susieq4131

12 inch diameter maple & cherry bowl

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nice one susie....i love the change in direction of the grain on each level :)

Cantil3v3r,

I appreciate your kind comments. I'm in awe at some of the projects I see on the gallery. Have to give this group credit for some serious talent. Me, I usually just make bowls. :D

SQ

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Kyle,

Thanks for asking. I have two methods of glue up:

First method, I take large slabs of walnut, maple, cherry wood, etc. (1 1/2 inches thick is preferred) and run them through my 15 inch planer to the desired thickness I want. This results in a bowl with no seams except for the rings which are scrolled and glued.

Second method is to glue up strips of wood - in any thickness, which are 1 1/2 inches high, in lengths that are 1/2 inches longer than the diameter of the bowl I plan to make. Glue the face grains together, let dry and plane to the desired thickness. This method is like making a bread board and offers the flexibility of experimenting with different wood design patterns.

My usual bowls are 12 inch, 13 1/2 inch, and 15 inch diameters. My wood thickness varies from 22mm to 28mm thick depending on the angle I want to cut. The thickness of the bowl ring divided by the thickness of the wood will determine the angle to cut the bowl which results in the least overhang on the stacked rings, which saves on sanding. Using the cutting angle chart, from Carole Rothman's book titled "Wooden Bowls from the scroll saw" the angle is determined. This determined angle is used for cutting the bowl and drilling the entry holes in the bowl slab for cutting each ring.

Once bowl is cut, I glue up the sides of the bowl with non-toxic clear glue and place them in my bowl press. Once dry, I sand the interior of the bowl with my tilting spindle sander using the 3 inch spindle. Next I glue on the bottom of the bowl. Once dry, I sand the exterior of the bowl with my tilting spindle sander, again using the 3 inch spindle. Bowl edge is shaped with a mouse sander. I finish sanding the entire bowl using the mouse sander with grits of 100 through 600. Finish is three applications of 100% tung oil and buff with a cotton or wool buffing pad.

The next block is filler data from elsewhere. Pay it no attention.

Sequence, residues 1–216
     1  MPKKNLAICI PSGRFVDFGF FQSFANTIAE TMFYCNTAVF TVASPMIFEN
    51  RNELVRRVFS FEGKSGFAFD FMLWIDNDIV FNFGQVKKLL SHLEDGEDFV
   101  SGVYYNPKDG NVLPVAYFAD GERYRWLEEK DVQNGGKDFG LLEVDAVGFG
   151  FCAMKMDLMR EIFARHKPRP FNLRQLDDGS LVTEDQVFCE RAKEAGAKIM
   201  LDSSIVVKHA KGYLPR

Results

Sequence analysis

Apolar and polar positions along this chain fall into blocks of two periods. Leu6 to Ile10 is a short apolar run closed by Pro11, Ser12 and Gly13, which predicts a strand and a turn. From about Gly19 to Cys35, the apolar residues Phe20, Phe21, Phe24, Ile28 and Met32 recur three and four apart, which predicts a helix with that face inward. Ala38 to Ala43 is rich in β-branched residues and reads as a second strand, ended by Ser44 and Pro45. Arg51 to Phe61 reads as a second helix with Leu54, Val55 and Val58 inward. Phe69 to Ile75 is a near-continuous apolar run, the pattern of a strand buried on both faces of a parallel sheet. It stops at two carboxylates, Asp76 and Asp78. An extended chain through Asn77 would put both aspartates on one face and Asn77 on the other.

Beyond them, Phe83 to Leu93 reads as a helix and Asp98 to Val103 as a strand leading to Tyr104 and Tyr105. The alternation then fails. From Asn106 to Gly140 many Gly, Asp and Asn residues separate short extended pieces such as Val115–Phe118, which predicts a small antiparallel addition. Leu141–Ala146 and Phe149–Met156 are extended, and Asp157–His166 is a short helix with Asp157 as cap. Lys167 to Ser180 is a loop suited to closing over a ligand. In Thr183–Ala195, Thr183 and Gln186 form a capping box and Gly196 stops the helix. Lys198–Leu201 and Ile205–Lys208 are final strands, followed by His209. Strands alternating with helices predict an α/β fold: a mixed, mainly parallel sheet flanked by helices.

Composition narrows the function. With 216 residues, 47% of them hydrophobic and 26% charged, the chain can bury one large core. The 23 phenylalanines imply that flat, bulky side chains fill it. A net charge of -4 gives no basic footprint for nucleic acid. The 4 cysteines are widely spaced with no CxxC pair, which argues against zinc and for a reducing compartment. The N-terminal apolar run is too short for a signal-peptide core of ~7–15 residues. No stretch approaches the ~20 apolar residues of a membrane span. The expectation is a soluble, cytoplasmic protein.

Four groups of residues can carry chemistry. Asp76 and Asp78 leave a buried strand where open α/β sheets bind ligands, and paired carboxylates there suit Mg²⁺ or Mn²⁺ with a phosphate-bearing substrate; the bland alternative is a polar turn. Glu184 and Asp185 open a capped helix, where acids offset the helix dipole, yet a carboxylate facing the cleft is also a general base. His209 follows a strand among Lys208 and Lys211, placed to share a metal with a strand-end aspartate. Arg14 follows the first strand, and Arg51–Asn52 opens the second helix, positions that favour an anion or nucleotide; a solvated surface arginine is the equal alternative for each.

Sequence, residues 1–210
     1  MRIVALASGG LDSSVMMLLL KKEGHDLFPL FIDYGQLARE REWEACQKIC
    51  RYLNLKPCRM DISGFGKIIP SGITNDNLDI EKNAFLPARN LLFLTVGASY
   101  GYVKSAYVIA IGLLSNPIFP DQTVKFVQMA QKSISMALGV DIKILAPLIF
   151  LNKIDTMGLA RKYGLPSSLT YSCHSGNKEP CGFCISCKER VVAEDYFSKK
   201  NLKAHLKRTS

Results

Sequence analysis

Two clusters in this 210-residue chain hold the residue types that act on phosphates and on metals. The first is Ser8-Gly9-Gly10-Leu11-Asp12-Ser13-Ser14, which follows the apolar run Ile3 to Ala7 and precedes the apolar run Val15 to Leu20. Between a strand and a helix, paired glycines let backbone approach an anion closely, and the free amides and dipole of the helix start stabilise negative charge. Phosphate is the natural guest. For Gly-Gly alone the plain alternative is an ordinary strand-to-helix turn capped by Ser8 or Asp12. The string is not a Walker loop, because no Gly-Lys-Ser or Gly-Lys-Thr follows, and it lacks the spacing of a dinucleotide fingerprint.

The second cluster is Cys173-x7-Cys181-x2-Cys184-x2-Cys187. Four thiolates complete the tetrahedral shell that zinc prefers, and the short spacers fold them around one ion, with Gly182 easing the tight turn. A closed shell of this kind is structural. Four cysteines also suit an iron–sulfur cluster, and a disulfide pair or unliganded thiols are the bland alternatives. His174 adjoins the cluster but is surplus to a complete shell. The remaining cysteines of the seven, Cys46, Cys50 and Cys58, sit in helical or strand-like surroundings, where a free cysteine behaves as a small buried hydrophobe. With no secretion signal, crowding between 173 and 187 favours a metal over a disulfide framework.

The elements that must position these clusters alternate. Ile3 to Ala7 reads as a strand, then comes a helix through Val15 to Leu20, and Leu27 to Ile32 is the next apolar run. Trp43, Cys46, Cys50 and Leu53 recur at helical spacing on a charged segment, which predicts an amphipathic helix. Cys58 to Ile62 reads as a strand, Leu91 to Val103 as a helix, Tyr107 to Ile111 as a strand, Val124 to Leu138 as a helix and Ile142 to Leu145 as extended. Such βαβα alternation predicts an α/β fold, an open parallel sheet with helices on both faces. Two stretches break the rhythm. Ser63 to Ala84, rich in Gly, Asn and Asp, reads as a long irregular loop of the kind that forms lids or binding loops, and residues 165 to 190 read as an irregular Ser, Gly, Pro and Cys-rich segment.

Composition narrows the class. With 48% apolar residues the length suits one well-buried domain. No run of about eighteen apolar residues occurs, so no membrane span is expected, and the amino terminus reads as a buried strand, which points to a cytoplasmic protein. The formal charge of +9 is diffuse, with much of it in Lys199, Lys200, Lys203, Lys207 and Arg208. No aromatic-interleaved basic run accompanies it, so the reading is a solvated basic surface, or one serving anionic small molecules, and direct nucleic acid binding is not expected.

I have pictures of the wood slabs, bowl press, and a wood slab being cut on my website under shop equipment. www.susieq4131.com

For more information on wooden scroll sawed bowls, Carole Rothman is a great source. Her bowls are very small and utilizes common wood thicknesses. However, the general information can easily be adapted to larger bowls.

SQ

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Nice writeup. I think I got you confused with Carole (was it her book presented on the TWW blog last year?). The somewhat herringbone pattern of your bowl makes for nice contrasts.

I saw on your 'other items' section some trivits. Are those out of solid-surface material or soapstone? Doesn't look like soapstone on the pig, but I know some people scroll it. I have a lot of Inuït carvings in soapstone so it always catches my eye :)

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Paul-Marcel,

Thanks for the nice comments about the bowl. Yes, Carole is still very active on the Scrollsaw Woodworking & Crafts forum.

The pig cutting board is made from Corian. It was easy to cut on the scroll saw but very messy. Precautions have to be taken so as not to breath in that stuff. I love the finished products cut from Corian, but hate the hazardous dust which results. Pattern maker for the cutting board is noted on my site and yes did come from that magazine.

Great blog you have there!

SQ

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You should do a video of the prosses of making a bowl. I like your work. Very nice stuff! Have you ever done any serving platters?

Thank you for the nice comments. It's funny you should bring up serving platters. I've actually had several people ask for them, just recently. Going to have to pry myself away from the bowls and try a platter. :D Haven't tried a video. But it might be fun to put something like that together.

SQ

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Nice bowls Susie, Maybe you should carve some fruit to put into the bowls. I like the technique you use. It looks like a good way to use up all the small pieces of scrap.

This technique came about from some scraps I had on hand. I glued them up on the edge grain, planed them down and cut out a bowl. Now I use this technique often.

As for carving, I carve the interior of spoons, after cutting out the design on the scroll saw. Beyond that, I haven't done much carving. But anything is possible. No telling what the future will bring - perhaps wooden fruit. :D

post-1522-002191300 1288052883_thumb.jpg

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